be ready for immediate action, the "Note to self" command is what you need.

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Send a note to your phone directly from your PC by typing "Note to self" into Google, then
your note.
Type it into Google on your PC -- followed by the actual contents of your note -- and whatever you send will show up as a
notification on your phone. You can then copy the text and/or share it directly to an app like Gmail or Google Keep.

8. Set an alarm

Need a full-fledged alarm set on your phone? Do the dirty work from your computer by typing "Set an alarm" into Google. That's
the easy part; it's up to you to wake up.

9. Access your entire computer from your phone

We couldn't talk about connecting your computer with your Android phone without mentioning the most direct connection of
all: Being able to access your entire computer from your smartphone's screen. Thanks to Google's free Chrome Remote Desktop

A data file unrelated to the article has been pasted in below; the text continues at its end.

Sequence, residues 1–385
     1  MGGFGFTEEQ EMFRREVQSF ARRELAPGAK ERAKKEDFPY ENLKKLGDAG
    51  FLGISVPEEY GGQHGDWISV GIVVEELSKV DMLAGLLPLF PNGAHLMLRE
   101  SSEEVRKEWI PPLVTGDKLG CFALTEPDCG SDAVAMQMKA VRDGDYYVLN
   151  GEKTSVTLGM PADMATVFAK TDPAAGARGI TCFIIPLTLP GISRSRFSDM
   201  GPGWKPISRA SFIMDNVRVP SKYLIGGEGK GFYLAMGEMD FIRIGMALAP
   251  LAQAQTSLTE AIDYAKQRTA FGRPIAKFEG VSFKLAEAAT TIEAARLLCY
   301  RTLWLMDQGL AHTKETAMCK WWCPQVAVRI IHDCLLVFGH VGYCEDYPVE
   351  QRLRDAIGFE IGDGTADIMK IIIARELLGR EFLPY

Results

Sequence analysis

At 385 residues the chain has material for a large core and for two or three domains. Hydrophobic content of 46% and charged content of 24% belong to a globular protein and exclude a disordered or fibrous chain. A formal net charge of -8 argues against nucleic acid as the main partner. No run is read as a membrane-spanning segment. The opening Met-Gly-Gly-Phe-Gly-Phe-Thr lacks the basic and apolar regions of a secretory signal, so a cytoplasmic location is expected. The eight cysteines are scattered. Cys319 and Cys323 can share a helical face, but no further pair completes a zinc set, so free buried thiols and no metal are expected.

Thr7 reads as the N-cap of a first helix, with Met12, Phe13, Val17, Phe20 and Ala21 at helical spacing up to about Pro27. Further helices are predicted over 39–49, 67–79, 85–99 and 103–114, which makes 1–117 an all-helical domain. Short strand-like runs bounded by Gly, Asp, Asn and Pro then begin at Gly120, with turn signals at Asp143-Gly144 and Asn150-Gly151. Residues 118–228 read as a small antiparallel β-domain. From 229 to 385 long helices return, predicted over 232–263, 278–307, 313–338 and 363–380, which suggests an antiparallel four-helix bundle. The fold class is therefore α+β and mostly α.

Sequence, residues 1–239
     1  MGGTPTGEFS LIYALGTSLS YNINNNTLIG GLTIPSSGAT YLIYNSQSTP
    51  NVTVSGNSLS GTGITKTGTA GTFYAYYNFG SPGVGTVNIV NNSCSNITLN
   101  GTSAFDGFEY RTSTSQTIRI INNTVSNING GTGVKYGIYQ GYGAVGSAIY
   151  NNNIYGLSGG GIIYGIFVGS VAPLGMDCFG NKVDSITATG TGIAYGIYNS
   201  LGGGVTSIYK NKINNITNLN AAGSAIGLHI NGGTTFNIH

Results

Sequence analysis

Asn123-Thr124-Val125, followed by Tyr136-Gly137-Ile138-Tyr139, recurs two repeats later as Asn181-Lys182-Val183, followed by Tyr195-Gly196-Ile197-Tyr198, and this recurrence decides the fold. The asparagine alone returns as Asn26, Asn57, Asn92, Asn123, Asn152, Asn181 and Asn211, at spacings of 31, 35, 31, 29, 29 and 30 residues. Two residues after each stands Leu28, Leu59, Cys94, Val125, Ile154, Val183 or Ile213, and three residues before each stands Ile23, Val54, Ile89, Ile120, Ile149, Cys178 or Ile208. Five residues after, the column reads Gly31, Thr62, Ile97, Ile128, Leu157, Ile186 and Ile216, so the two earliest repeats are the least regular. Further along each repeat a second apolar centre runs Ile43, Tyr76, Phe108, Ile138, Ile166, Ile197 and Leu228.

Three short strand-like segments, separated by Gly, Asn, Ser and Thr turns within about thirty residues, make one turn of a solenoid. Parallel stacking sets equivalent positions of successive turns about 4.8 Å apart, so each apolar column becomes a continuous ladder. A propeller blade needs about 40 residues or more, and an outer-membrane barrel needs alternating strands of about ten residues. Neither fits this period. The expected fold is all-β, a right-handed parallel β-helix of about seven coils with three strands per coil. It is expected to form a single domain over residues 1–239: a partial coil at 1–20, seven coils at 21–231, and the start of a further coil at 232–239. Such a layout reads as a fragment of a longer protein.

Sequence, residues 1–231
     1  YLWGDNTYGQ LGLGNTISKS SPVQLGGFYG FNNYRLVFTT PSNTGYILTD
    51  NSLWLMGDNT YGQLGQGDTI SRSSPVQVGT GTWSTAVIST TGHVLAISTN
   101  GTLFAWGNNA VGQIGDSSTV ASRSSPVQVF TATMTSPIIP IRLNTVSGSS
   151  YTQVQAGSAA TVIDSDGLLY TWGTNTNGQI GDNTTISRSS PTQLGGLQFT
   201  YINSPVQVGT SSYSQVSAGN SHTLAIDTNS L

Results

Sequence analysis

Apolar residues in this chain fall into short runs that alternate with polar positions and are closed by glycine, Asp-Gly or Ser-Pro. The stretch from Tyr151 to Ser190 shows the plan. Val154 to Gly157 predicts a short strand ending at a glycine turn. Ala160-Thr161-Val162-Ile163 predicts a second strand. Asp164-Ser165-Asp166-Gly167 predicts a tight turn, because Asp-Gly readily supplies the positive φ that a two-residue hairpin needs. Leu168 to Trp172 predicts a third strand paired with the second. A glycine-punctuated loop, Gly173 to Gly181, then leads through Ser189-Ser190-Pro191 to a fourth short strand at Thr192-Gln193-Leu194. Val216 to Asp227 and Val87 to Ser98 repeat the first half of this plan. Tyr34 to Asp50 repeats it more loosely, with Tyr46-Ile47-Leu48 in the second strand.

app, it's easier than ever to do.

Accessing your desktop from your phone is

easy, thanks to Chrome Remote Desktop.

First, get the app on your phone and put the companion desktop app on your computer. (The desktop app will work on any
platform where the Chrome browser can run.) Then pull up the Android app the next time you need to hop onto your computer
remotely. You'll be able to move around your desktop, manipulate files, and even run programs from the palm of your hand.

10. Control your phone from your computer

Last but not least, the flip side: Control your phone from your computer. Snag an app called AirDroid and go to on your PC. You'll be able to perform tasks like sending and receiving texts and looking through missed calls.
With the right device, you'll even be able to see your full Android home screen and control your phone from your full-size

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With that kind of cross-platform connectivity at your fingertips, there's practically no limit to what you'll be able to accomplish.*

* So long as said accomplishments revolve around, you know, syncing stuff between your phone and desktop computer. Let's be
realistic, OK?

Related articles

16 must-have Android productivity apps

Best office apps for Android, round 3
9 ways to make the most of your Android device
21 tips for making Android a better personal assistant
18 ways to get the most out of Android 5.0
13 ways to optimize your Android smartphone

JR Raphael
JR Raphael serves up tasty morsels about the human side of technology. Hungry for more? Visit or join
him on Twitter or Google+.